Give Egyptian youth a platform to exercise their entrepreneurial abilities, and they will build their country's next line of social enterprises and empower their own generation in turn.
The secret to achieving this lies in taking advantage of three Egyptian institutions that have been shaping the country's identity: rising usage of Internet, a large private sector that serves as a hub for regional commerce, and a regionally-renowned media industry.
Young people in Egypt face long waiting periods for jobs and uncertain economic futures. Twenty-eight percent of youth are unemployed, with females faring far worse than males at 47 percent (World Bank, 2012). As of 2008, it took males with a secondary degree or higher an average of 1.7 years to find a job (Brookings Institution, 2008). This situation calls for targeted action that maximizes Egypt's local resources and activates the energy of its youth.
Magnified by the Arab Spring, millions of young Egyptians are now active on online platforms. As of June 2012, nearly 30 million Egyptians had access to Internet, a 30 percent penetration rate (Internetworldstats.com). Twenty-five percent of all Facebook users in the Arab World live in Egypt, and in 2012 it added more users than any other country in the region, 70 percent of whom were in the 15-29 age bracket (Dubai School of Government, 2012). On top of this, a recent study from the Dubai School of Government found that Arabs increasingly view social media as a tool for developing entrepreneurial skills and gaining productive knowledge.
At the same time, Egypt is home to one of the Arab region's most notable commercial sectors. Multi-national corporations from around the world have set up shop in Cairo, while a multitude of local businesses have strengthened operations in the country and expanded their reach across the region. Similarly, Egypt boasts the most popular television programs in the Arab World. From Morocco to the United Arab Emirates, no Arab resists indulging in at least some form of Egyptian TV.
If we leverage these three phenomena effectively, we will see entrepreneurship take flight. To do this properly, I offer three examples:
The Internet must become the major platform for young social entrepreneurs. Egypt has some of the highest online penetration rates in the world, and social media platforms in the country are heavily populated by youth. They are eager to channel their energy through productive tools and projects that have a positive impact on their communities. INJAZ and the Coca-Cola Foundation have tried and tested this approach through the Ripples of Happiness program, a collaborative online project that challenges university students to develop innovative solutions for societal challenges. Through this program, we have witnessed the creation of social enterprise projects, ranging from emergency medical response initiatives to financially sustainable recycling campaigns, and even websites channeling youth to volunteer, by matching them with specific social initiatives. It has taught us firsthand that social innovation can organically emerge, once youth have the tools and platform to act.
The private sector needs a unified voice in support of youth entrepreneurship. The private sector can actively mentor young entrepreneurs and teach youth general business principles. Partnering with universities to set up entrepreneurship workshops and clubs would benefit both university students and the companies investing in them. Companies can also offer corporate incubation services to young companies. Recyclobekia - an Egyptian E-waste disposal company created by a group of students at the University of Tanta - was INJAZ's first student company to receive incubation services from a corporation, which allowed them to set up an office in an Egyptian corporation in Cairo and to receive material support and mentorship services from s its employees. Private sector leaders, such as Mobinil, Exxon Mobil, HSBC and Abraaj Capital, are already laying the foundation, demonstrating this innovative new approach to corporate social responsibility. In the future, the private sector's social footprint will be measured by how well they leverage their revenue to create new startups and jobs, a model that must quickly become part of any CSR program in the region.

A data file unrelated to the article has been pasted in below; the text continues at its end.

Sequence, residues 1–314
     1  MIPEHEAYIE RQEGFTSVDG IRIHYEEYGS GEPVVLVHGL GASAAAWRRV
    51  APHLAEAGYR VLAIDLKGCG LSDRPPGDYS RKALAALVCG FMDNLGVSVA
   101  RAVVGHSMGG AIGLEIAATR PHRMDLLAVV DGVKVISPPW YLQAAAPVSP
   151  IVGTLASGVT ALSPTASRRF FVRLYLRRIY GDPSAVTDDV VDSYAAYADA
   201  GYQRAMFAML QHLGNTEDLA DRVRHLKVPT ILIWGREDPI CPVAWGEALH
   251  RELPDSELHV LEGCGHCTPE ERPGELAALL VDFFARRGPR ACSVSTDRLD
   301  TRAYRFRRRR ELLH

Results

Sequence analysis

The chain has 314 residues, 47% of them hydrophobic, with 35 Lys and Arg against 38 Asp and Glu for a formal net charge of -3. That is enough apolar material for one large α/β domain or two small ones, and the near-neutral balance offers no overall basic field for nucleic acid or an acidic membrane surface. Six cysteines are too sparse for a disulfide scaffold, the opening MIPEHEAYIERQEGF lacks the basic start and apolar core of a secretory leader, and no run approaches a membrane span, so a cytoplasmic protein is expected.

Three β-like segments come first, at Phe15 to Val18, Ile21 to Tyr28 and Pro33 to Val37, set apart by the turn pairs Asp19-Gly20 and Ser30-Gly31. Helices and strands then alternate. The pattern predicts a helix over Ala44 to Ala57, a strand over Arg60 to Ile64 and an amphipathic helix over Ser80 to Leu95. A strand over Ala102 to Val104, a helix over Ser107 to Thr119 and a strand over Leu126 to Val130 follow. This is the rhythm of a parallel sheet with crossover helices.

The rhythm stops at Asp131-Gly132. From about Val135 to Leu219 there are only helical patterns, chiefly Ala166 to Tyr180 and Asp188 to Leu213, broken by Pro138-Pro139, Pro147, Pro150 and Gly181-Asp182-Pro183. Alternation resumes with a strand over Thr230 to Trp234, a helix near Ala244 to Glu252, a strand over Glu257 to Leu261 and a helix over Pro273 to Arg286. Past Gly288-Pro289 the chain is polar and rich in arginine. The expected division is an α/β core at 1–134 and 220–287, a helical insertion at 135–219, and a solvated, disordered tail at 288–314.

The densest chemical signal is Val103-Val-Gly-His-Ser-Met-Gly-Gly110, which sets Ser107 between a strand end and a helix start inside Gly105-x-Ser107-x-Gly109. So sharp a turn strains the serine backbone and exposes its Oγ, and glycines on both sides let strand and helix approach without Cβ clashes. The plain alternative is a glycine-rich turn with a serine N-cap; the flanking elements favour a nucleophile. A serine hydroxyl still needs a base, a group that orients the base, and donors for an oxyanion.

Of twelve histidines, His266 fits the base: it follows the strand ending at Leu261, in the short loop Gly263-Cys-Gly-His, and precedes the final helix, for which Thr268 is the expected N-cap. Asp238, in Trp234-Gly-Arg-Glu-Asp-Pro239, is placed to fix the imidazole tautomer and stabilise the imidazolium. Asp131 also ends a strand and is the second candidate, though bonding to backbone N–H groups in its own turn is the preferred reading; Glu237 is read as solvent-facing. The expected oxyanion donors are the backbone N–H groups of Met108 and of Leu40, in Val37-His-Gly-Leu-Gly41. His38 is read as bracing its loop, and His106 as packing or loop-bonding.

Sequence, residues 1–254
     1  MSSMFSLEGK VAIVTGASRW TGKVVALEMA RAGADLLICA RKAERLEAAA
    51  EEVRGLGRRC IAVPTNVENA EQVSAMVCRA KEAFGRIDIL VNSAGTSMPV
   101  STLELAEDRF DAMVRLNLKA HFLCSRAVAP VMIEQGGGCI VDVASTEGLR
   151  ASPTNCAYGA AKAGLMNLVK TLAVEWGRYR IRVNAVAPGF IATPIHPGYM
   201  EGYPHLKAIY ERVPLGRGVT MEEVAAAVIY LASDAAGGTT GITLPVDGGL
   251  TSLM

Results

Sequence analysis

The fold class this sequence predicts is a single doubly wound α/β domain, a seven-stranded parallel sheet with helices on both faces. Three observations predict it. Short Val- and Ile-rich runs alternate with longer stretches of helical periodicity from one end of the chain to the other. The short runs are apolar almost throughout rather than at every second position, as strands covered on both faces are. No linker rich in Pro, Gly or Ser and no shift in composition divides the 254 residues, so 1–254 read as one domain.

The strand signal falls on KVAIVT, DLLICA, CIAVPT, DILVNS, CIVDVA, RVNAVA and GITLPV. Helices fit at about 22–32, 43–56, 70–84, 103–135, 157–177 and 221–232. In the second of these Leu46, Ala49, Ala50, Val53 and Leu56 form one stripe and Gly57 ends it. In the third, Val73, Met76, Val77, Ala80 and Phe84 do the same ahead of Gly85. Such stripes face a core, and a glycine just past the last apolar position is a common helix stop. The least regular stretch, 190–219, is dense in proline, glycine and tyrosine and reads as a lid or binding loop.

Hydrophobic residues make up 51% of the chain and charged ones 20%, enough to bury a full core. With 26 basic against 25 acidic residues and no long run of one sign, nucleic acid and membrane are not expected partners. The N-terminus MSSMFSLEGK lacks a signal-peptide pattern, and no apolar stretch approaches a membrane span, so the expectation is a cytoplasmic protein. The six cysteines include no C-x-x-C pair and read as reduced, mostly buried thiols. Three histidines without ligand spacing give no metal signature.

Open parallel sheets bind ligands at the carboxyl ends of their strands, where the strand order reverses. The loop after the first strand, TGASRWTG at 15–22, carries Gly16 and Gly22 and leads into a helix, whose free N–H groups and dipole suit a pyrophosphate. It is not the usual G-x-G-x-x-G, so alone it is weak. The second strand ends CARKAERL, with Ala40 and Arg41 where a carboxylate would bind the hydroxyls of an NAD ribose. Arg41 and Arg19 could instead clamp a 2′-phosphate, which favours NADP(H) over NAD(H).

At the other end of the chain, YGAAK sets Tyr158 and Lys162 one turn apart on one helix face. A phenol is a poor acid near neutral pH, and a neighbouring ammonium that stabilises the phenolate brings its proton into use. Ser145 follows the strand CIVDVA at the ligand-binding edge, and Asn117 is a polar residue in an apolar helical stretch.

Television is the most important tool for entrenching entrepreneurship in pop-culture. Egyptian television is the most watched media in the Arab World. With all Arab eyes on Cairo's TV stations, why not give people insight into the entrepreneurial journey? For this reason, INJAZ is launching in 2013 the Generation Entrepreneur reality TV series, which will explore the entrepreneurial learning process among Arab youth.
Filmed for Arab countries, the series tracks the experiences of INJAZ teams in the Company Program, as they create their own businesses. Against the backdrop of the Arab Spring, we see how youth link their desire for economic and social reform with their entrepreneurial passions. They see the opportunity to build their own companies as a chance to own their economic futures. This TV series will tell their stories to viewers across the region and millions of young people will see how they, too, can add value to their own communities through entrepreneurship. As Egypt is already a leader in the region's entertainment industry, there's no reason it can't become the Arab World's hub for producing, directing, and distributing a wide spectrum of such programs.
To build a foundation on which we can develop the next generation of social entrepreneurs in Egypt, we must put our money on the creative potential of our youth. If we allow them to exercise their entrepreneurial abilities, I guarantee that social innovation will follow.
Soraya Salti is senior vice-president of Middle East/North Africa for Junior Achievement Worldwide, INJAZ al-Arab